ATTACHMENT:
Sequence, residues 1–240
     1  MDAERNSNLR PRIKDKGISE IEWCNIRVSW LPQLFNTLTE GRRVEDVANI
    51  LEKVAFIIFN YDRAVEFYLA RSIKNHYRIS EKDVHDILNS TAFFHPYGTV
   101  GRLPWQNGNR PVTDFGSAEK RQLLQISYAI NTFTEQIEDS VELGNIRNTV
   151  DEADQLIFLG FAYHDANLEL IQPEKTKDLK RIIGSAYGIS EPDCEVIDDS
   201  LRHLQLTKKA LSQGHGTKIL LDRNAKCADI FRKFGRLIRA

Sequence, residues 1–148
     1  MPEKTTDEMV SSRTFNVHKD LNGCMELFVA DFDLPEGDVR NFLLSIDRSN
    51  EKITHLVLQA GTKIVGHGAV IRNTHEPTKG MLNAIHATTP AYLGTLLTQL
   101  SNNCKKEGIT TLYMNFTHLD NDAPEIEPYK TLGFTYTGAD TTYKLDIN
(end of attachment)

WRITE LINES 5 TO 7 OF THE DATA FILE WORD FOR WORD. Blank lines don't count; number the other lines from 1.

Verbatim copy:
   151  DEADQLIFLG FAYHDANLEL IQPEKTKDLK RIIGSAYGIS EPDCEVIDDS
   201  LRHLQLTKKA LSQGHGTKIL LDRNAKCADI FRKFGRLIRA

Sequence, residues 1–148